Scientists have discovered that texts from a smartphone can be

Scientists have discovered that texts from a smartphone can be secretly intercepted via a Wi-Fi signal without hacking

Scientists from the Universities of Hunan and Fudan (China) and the Nanyang Technological University (Singapore) developed A way to read clicks on the display of a smartphone connected to a Wi-Fi network by analyzing the radio signal. This is due to the insufficient security of the BFI (Beamforming Feedback Information) function.

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BFI is a feedback mechanism that dates back to 2013 when the 802.11ac Wi-Fi standard was released. This involves client devices sending data about their location, allowing access points to route a signal to them more accurately. The problem is that this data is transmitted unencrypted and can be intercepted without hacking the network or client devices. Conventionally, the scientists called the type of attack they developed WiKi-Eve – it is relevant for any standard network interface that enables signal monitoring.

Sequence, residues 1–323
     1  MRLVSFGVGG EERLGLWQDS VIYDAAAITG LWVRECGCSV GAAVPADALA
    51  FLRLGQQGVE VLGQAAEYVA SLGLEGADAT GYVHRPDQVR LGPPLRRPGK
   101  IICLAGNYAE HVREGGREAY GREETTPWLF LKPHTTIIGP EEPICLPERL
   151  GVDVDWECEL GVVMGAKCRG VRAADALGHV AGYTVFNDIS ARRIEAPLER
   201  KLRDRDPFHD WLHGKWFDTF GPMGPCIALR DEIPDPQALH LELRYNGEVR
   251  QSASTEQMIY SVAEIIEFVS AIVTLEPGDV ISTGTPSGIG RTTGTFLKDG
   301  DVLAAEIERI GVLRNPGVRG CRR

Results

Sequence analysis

In the initial phase of the attack, the imaginary attacker wirelessly intercepts the MAC address of his victim’s device. After that, the recording of BFI data from the victim’s device begins – the scientists assumed that key presses on the virtual keyboard of a smartphone or tablet change the Wi-Fi signal parameters. Scientists tried to interpret the collected information as a password, suggesting that it was sent over a wireless network early in the communication session.

Next comes into play an artificial intelligence system that is trained on BFI data sent in plain text format. The authors of the study found that the WiKi-Eve attack makes it possible to interpret individual keystrokes on the display with an accuracy of 88.9% and also intercept application passwords with an accuracy of 65.8%.

About the author

Robbie Elmers

Robbie Elmers is a staff writer for Tech News Space, covering software, applications and services.

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